His confusion is understandable: it is a complicated tradition, this creed that we inhabit but for some reason seldom get round to reflecting on. I prefer the term ‘secular humanism’: it highlights the fact that Western culture contains a strong idealism about universal human flourishing, the rights of all. (And it avoids the unhelpful emotive baggage of ‘liberalism’.) I do not see this ideology as a cunning trick of the devil, but as part of God’s cunning plan. As I explain in my new book, God Created Humanism: the Christian Basis of Secular Values, the secular humanism of the West is firmly rooted in Christianity. It should be seen as an offshoot of Christianity. To say, as Dreher does, that is ‘parasitic’ on Christianity is one way of putting it, if an unhelpfully negative way. Rather, it should be seen as a providential development, the culmination of the separation of church and state pioneered by zealous Protestants in the seventeenth century.
We Christians should affirm this tradition that frames moral universalism in secular terms. We implicitly do so when we affirm our political culture that sidelines religion, seeking to include those of all religions and none on equal terms. In reality, tough-talkers like Dreher probably affirm such a political culture – but presumably in an anguished reluctant way, half-hating themselves for conforming to ‘the norms of secular society’.
To the New Benedictine, my positive view of secular humanism sounds like a gunshot in the foot. By seeing the good in secular humanism, aren’t I implying that it is an advance on Christianity, which can be left to fade away? Well, I am not seeing that much good in it. A nuanced view is necessary. Secular humanism is the right public ideology, and yet it is existentially inadequate; it is insubstantial, ‘thin’. It is because I find it inadequate that I am a Christian: I feel the need for more meaning, for a more coherent story, for a fuller myth if you like. I find it possible to affirm Christianity, and to affirm secular humanism as the best possible public ideology. There is some tension here, but it’s a healthy creative tension.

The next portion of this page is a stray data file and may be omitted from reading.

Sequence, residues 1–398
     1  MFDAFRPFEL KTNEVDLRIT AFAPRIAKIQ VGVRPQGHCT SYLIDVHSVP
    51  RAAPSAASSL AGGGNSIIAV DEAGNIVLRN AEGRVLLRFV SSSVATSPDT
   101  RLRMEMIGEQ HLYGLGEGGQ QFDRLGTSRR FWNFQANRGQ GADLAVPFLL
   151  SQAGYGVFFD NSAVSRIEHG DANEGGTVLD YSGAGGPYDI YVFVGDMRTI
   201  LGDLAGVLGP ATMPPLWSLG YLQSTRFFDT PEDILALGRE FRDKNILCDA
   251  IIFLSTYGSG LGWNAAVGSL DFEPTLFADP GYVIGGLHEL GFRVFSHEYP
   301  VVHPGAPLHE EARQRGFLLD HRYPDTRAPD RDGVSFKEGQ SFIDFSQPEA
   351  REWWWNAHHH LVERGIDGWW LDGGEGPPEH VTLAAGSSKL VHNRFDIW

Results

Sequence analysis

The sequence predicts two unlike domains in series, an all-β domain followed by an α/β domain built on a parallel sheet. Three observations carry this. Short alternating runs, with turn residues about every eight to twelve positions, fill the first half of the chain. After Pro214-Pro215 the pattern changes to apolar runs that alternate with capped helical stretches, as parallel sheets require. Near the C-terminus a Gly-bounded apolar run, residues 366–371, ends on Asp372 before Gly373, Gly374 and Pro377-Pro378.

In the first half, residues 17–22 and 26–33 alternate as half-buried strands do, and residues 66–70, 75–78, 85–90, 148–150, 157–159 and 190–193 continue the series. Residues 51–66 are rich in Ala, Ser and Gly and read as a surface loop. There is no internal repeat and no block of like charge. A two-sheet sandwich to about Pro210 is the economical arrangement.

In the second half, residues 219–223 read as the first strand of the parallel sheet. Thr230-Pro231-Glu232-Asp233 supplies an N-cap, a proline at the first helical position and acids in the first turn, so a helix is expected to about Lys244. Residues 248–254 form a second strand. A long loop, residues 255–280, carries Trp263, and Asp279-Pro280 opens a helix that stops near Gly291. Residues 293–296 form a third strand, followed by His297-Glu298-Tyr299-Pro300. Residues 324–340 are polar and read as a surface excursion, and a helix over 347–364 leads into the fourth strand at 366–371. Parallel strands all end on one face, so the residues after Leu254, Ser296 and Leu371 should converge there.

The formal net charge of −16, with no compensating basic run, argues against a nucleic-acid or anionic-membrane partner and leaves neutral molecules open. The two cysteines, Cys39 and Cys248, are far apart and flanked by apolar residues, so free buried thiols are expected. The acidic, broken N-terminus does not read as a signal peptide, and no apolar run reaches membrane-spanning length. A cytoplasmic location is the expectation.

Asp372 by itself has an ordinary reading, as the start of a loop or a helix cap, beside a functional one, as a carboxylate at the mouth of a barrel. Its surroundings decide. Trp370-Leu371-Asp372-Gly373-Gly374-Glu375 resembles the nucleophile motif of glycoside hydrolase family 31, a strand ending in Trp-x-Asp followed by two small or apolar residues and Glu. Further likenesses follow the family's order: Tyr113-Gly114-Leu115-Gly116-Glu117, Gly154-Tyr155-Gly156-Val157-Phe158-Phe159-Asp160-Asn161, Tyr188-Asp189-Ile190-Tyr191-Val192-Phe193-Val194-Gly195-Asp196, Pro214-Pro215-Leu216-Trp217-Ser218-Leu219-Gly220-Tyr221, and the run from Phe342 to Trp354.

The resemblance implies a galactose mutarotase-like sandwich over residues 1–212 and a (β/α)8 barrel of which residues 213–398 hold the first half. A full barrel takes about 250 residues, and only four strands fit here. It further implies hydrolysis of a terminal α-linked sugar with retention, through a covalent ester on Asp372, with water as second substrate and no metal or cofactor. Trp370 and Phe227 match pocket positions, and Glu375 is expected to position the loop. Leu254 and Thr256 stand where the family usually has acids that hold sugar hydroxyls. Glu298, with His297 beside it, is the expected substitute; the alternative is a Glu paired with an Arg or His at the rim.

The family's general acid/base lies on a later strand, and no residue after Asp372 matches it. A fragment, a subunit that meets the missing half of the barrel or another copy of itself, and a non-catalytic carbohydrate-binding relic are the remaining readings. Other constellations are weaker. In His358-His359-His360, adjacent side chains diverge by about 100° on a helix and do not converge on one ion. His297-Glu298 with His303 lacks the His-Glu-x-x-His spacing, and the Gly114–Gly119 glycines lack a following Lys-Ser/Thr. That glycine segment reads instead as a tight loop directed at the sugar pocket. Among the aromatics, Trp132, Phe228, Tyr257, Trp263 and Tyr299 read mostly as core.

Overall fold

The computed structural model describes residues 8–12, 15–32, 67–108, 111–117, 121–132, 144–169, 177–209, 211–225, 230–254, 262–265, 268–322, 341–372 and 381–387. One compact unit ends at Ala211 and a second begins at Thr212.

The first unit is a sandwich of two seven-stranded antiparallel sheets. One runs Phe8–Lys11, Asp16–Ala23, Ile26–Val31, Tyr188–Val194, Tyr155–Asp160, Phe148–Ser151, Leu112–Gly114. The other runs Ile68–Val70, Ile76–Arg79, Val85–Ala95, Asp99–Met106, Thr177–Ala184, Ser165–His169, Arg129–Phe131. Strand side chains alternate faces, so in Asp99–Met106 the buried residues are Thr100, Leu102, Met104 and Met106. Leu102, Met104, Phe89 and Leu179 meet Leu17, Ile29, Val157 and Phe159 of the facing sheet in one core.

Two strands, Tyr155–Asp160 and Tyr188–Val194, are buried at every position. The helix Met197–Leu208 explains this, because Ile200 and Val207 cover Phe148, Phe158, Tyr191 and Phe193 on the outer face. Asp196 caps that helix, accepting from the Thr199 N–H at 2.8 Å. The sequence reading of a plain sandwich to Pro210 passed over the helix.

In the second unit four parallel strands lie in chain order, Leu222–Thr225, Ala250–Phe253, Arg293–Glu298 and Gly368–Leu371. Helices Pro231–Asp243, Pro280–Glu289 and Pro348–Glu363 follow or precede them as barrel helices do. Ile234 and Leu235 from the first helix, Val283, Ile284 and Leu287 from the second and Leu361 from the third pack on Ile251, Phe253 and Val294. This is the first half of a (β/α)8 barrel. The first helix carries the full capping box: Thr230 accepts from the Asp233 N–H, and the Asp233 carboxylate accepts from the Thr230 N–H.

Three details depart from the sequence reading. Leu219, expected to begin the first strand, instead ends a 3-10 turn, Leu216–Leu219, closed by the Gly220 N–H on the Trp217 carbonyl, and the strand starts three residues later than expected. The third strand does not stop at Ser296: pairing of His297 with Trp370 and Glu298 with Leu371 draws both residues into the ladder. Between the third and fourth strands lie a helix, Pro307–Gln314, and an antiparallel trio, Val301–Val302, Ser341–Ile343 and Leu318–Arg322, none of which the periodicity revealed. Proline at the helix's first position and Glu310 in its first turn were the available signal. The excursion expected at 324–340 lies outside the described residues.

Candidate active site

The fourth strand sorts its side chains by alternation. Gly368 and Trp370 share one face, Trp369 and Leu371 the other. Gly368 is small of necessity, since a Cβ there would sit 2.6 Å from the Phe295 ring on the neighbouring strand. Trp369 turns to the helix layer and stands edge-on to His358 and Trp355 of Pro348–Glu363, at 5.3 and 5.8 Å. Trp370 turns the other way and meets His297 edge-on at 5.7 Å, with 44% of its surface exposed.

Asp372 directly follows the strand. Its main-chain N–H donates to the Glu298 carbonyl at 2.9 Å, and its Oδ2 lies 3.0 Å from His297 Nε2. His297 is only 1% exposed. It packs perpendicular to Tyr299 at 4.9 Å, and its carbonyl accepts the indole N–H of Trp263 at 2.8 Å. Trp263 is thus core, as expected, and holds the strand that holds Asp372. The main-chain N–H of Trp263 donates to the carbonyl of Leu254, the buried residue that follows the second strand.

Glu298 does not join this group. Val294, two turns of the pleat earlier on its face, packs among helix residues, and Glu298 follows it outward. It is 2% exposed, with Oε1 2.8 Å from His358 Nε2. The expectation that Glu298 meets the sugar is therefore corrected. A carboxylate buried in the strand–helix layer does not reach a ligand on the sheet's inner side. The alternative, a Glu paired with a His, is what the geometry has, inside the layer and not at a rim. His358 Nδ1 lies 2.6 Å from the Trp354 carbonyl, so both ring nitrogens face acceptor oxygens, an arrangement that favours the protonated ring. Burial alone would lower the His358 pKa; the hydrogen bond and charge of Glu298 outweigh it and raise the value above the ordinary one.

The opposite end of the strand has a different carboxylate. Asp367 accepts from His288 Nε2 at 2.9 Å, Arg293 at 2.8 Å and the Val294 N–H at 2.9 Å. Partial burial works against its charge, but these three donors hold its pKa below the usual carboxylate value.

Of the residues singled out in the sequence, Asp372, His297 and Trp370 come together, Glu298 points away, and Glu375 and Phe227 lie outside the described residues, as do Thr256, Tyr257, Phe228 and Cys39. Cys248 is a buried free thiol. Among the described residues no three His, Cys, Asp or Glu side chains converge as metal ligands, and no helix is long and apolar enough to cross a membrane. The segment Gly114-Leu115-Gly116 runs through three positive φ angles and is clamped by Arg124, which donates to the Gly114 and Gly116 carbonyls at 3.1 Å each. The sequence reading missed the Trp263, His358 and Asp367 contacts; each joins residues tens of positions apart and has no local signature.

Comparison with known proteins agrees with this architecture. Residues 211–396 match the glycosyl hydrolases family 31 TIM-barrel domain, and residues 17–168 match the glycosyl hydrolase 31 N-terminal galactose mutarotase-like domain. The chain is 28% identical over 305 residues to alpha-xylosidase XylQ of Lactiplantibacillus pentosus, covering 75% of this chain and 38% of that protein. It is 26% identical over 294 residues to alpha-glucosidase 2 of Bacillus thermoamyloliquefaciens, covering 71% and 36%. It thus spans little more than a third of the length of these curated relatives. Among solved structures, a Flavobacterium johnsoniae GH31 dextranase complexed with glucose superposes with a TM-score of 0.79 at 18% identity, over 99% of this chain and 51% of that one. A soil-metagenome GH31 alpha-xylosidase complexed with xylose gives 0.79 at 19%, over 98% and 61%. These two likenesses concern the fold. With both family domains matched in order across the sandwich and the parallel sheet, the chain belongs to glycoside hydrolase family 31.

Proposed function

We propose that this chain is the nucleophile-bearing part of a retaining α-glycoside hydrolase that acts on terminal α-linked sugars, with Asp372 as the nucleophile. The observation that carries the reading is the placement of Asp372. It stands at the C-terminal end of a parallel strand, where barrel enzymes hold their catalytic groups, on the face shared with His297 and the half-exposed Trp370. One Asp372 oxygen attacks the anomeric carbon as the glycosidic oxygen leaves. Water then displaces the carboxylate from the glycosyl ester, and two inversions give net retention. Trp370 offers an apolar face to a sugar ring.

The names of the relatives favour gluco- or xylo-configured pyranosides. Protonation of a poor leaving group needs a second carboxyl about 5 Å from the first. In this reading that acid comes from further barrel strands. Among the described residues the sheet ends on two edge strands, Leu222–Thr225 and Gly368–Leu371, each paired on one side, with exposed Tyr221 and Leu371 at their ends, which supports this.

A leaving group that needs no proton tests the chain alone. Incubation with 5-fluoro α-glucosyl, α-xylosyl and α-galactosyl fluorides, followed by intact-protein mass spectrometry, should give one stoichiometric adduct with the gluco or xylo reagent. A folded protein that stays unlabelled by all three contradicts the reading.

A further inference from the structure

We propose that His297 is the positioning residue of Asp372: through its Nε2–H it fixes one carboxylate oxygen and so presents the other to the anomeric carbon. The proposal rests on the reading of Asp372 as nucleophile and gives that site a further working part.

Of course this will sound like fence-sitting muddle to some, but if simple clarity is all that’s needed in religion, then Islamism is king. At root, the New Benedictines yearn for an Islam-shaped unity of vision. They protest that they have no interest in reviving theocracy, or ‘Christendom’, preferring the rhetoric of counter-cultural protest.
But this is disingenuous. For they idealise the medieval unity of religion, politics and culture, and bemoan the Reformation’s disruption of it. This is to disparage the emergence of modern liberal politics, in which theocracy is boldly rejected. Are they therefore dangerous enemies of our way of life? They wish. Most of the New Benedictines I have encountered are donnish types, thrilled to be defying the consensus with their ivory-tower heroism. But in a sense they are dangerous, for their radical-reactionary posturing influences mainstream religious culture and confirms liberal agnostics’ suspicion of religion.
Dreher ventures some bold pronouncements about saving Christianity and Western civilisation. Let me follow suit. The West is currently failing to articulate its core values of human rights, moral universalism. Why, in the face of lesser creeds, is it so tongue-tied, so lacking in self-confidence? Largely because of its barren civil war, in which Christianity and secular humanism are seen as opposed. Our route back to self-confidence is a new sense that our humanism is a sacred cause, rooted in Christianity.
Yes, it would take a revolution that’s hard to imagine, for secular humanists to learn some respect for the religious basis of their creed – and for religious conservatives to drop the reactionary posturing, but it’s the only revolution worth working and praying for.